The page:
SHE captured hearts internationally when news of her plight to spend her last days alive promoting the importance of organ donation made headlines.
Now sadly, Brisbane woman Nardya Miller has passed away.
The 25-year-old Cystic Fibrosis sufferer was given a week to live on January 11 but passed away yesterday, one day before the two year anniversary of her double lung transplant.
A family member said Ms Miller was always in and out of hospital but was determined not to let her incurable illness rule her life.
"Not many of us know what it feels like to be told we aren't expected to live past our teenage years.
"But Nardya achieved more in her short life than many of us could dream of.
"She got her Napoleon make-up training certificate whilst being chronically ill.
"She started her own beauty business from home where she travelled to clients doing spray tans, make-up, and eyelashes.
"She started her own brand called Immaculate Makeup and Beauty which drove her to buy her own block in Ipswich to build the studio.
"Unfortunately it was never opened to the public, but was finished, as she didn't realize how sick she was."
"She renovated her home with her fiancé Liam, as it was an old shabby house.
"She also walked 10km for a Multiple Sclerosis to fight the disease as her father was diagnosed last year with it.
"It was called MS Moonlight Walk and she walked it whilst being in chronic rejection."
More than $33,000 has now been crowd-funded on Go Fund Me for Nardya's fiancé.
'Nardya will not be going home'
A DYING Brisbane woman is using her final days to promote the importance of organ donation.
Last Wednesday, 25-year-old Nardya Miller was given a week to live. On Sunday she was submitted to palliative care.
The beauty salon owner has Cystic Fibrosis (CF) and her body is rejecting a double lung transplant she had over two years ago.
Ms Miller's fiancé Liam Fitzgerald said it isn't CF that is killing her, it is the chronic rejection she was diagnosed with three months ago.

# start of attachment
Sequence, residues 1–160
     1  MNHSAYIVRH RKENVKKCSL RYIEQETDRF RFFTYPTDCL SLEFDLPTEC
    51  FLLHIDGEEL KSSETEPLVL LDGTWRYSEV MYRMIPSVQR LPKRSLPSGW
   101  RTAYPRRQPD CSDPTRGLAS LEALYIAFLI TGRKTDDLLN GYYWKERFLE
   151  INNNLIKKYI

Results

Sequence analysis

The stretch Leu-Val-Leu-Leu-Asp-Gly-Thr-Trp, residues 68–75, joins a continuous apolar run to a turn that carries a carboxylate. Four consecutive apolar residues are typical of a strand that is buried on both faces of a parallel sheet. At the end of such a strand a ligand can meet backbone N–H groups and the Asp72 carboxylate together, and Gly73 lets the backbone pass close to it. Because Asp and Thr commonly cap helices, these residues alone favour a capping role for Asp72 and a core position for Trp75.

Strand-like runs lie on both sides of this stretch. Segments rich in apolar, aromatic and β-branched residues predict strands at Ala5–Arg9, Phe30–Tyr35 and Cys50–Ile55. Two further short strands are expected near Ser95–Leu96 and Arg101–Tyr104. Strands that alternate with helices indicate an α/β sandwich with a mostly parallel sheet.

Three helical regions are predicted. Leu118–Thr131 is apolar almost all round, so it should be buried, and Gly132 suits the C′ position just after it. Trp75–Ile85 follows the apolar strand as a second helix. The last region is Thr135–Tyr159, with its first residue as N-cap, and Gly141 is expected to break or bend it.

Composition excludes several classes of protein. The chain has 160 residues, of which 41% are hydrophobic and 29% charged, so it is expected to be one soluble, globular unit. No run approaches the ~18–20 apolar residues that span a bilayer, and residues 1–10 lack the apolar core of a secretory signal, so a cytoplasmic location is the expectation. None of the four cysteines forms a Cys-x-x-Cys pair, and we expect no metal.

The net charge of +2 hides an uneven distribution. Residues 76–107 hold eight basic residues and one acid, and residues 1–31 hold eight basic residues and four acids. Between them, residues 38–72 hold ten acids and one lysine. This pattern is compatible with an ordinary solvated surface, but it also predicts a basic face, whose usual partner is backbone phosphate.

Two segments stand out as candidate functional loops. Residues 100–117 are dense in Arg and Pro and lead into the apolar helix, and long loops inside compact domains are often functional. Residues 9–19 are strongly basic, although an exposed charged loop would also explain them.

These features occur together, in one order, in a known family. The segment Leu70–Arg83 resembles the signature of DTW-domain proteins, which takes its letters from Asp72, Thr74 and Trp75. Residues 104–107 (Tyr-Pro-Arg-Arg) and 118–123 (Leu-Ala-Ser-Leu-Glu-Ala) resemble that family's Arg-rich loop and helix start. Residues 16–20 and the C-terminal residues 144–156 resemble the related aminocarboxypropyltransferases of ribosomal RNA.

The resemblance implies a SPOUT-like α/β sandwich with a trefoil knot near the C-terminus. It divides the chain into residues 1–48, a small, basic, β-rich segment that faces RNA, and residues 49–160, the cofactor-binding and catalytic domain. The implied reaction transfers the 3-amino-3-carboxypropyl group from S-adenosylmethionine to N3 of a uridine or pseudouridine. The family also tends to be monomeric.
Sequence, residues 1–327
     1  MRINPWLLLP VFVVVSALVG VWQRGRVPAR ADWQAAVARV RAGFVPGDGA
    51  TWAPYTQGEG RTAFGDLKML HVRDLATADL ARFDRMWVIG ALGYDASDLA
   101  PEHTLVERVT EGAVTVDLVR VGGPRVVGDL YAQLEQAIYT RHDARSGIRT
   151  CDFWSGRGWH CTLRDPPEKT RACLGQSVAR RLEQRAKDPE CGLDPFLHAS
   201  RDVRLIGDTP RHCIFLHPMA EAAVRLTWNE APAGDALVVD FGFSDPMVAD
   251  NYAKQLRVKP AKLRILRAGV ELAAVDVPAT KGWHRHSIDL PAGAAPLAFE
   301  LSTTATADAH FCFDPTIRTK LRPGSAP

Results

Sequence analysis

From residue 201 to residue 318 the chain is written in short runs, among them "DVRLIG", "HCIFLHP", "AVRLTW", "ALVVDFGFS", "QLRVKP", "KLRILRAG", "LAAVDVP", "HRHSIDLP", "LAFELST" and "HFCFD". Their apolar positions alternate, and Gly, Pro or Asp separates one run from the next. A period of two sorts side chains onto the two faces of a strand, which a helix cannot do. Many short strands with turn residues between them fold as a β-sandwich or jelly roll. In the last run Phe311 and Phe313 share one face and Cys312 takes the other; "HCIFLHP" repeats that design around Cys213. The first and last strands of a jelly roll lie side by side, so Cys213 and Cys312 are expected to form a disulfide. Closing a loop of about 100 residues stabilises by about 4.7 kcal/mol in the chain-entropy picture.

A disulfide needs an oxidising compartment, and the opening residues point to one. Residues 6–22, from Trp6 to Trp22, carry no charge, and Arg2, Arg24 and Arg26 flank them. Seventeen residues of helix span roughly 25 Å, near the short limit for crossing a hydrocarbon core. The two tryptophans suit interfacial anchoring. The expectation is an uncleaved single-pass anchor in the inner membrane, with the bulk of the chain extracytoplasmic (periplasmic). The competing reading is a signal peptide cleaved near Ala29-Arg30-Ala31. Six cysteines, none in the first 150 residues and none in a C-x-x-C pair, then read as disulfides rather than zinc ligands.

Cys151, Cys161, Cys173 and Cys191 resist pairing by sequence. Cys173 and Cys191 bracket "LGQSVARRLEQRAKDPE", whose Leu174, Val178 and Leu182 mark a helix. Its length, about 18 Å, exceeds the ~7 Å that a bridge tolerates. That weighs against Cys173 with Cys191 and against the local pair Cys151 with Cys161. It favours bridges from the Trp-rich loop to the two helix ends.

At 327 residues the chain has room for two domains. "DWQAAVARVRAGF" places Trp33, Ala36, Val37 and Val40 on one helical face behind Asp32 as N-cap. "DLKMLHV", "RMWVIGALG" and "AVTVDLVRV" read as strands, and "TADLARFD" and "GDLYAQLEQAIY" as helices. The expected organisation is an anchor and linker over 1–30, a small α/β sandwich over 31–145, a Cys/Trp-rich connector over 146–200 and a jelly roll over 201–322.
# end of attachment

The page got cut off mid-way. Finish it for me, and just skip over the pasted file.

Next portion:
"CF was a part of her life for 23 years and got her to needing a bilateral lung transplant but after the first 11 months post surgery, being so perfect, the lungs started to fail, over and over again requiring treatments she never thought she would have to go though.
"She went through rounds of plasmapheresis to try stop donor specific antibodies but nothing worked."
Mr Fitzgerald said Ms Miller wants everyone to know how important organ donation is.
"The only way people will ever have a second chance at life is to be an organ donor."
Ms Miller's cousin Tachae Douglas-Miller said she underwent the lung transplant in 2014 because she was "sick of not being able to breathe and sick of fighting a never ending battle".
"Although we hear stories on how new lungs had changed people lives, Nardya wasn't so lucky.
"After undergoing the double lung transplant she didn't realise she was so ill."
But instead of letting her her illness get the better of her, Ms Douglas-Miller said she started up her own beauty business and bought a house with Mr Fitzgerald, adopting three "beautiful little fur babies".
"She started to make her dream of opening her own beauty store a reality [because] she didn't want to stop working as she didn't want to burden her fiancé with debt.
"Unfortunately now, Nardya is losing the battle...[she] won't be going home."
Ms Douglas-Miller and her sister Ainsley Douglas-Miller started a Go Fund Me to help keep Ms Miller's dreams of not leaving her fiancé in debt, alive.
Already more than $15,000 has been raised by over 400 people in six days, smashing the initial $10,000 target.
"We are overwhelmed by everyone's generosity. I can't thank everyone enough."
Despite only having days to live, Ms Douglas-Miller said Ms Miller is still "witty, humorous and talkative".
"Although we all know what the reality is."
If you would like to donate to Ms Miller's Go Fund Me you can do so here.
If you would like to know more about becoming an organ donor, you can do so on the Australian Government Organ and Tissue Authority website here.
WHAT IS CYSTIC FIBROSIS
According to Cystic Fibrosis Australia, CF primarily affects the lungs and digestive system.
People with CF develop an abnormal amount of excessively thick and sticky mucus within the lungs, airways and the digestive system.
From birth, a person with CF undergoes constant medical treatments and physiotherapy.
There is currently no cure.
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